With winter over, spring has arrived at Clondeglass. There's colour to be seen in the borders, especially from the hundreds of tulips that were planted the previous autumn. In the main border, Dermot uses red varieties in repetition, which gives the sense of the border being longer than it really is. The dramatic colour works extremely well with the freshness of the green foliage coming up from plants that will flower later. The backbone of this tulip display is the red tulip 'Ile de France', along with the dark maroon 'Queen of Night'.
Further along, in the rose garden, Dermot uses lighter colours and he chose the double early tulip 'Angelique', which produces striking pink flowers. Alongside this is the white lily-flowered tulip 'White Triumphator'. Closeby are plantings of the rich blue flowered Camassia leichtlinii.
Tulips are best planted late in the season. Weather permitting, November and into December is an excellent time. Well-drained soil and planting them deeply helps to sustain them for more than one year. Dermot recommends planting them in groups to get best impact, rather than planting them singly or in rows. Also, it's important to do a little homework in advance if you're planning on buying and planting a lot of tulips as there are dozens of different varieties available and it is possible to select them to give a succession of colour, starting early, and continuing late in the season.
Camassia is a plant that's not fussy about soil, providing it has reasonably good drainage. It will grow in sun or shade and is long-lived. After four or five years, it may need to be lifted and divided. The colour is very effective, especially when grown against a rich, dark green background. Dermot uses it successfully to contrast with tulips and other spring-flowering bulbs.
Dermot is keen to use local crafts people and he approached the company CJ Sheeran, who own a large sawmill in Mountrath. They are well known for manufacturing timber gates of the best quality along with many other timber products which are suitable for gardens. Dermot met with Damien Bowe who showed him around the workshop and discussed the various options available for a timber gate for Clondeglass. www.timberfencinggates.ie
Dermot likes to use organic feeds where possible. In this programme, he has prepared a liquid feed made from nettles and comfrey grown in the garden. This has been allowed to rot down and is then diluted. He adds it as a tonic using a watering can, to give a boost to the apple trees.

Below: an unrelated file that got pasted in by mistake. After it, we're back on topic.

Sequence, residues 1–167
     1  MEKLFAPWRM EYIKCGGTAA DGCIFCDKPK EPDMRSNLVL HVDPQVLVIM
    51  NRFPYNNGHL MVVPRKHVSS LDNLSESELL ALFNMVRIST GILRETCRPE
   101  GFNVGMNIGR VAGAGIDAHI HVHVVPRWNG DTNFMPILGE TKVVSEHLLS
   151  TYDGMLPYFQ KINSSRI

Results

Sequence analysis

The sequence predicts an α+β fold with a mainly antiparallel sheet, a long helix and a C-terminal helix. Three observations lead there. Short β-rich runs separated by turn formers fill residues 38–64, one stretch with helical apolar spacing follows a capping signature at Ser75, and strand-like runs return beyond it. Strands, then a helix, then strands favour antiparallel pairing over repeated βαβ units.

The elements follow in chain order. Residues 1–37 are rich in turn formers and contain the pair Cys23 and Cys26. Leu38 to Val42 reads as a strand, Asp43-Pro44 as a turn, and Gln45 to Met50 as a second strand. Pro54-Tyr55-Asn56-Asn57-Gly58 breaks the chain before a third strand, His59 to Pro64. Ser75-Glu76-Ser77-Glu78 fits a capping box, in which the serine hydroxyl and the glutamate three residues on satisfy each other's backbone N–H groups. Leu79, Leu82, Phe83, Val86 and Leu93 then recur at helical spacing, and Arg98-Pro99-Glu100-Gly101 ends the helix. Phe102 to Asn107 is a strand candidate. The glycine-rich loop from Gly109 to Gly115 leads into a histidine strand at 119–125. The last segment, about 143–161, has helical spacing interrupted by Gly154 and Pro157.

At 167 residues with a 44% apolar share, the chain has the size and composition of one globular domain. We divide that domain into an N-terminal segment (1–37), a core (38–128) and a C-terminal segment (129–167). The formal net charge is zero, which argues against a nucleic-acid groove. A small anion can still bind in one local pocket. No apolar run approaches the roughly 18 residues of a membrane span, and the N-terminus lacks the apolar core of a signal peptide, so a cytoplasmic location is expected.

The tonic is made by using a barrel or a large container which can be sealed. You fill this with fresh water and into it put plenty of nettle and comfrey leaves. These are allowed to slowly rot down over several weeks. Warning: It does create a horrific smell! Place it well away from the house. Once the process is completed, the resulting mixture can be added to water and used as a natural tonic for plants. It's exceptionally useful with plants that are establishing.
Before Dermot became ill, he took part in a challenge set for him by Derek Mooney and the Mooney Show. This involved him singing for the first time with the National Concert Orchestra conducted by David Brophy.
In order to take part in this challenge, Dermot took lessons with Kathryn Smith of the Leinster School of Music, based in Griffith College, Dublin. Since then, Dermot's treatment took its toll and he had to withdraw from lessons for several months. However, on his return to the college to once again study with Kathryn, he found that the training had stood to him and that he would be able to regain his singing voice.
In spring, the polytunnel came into its own, providing the perfect location and conditions for starting off crops that need shelter. These included the wide range of tomatoes, including many varieties that Dermot was trying for the first time with Tanguy's help.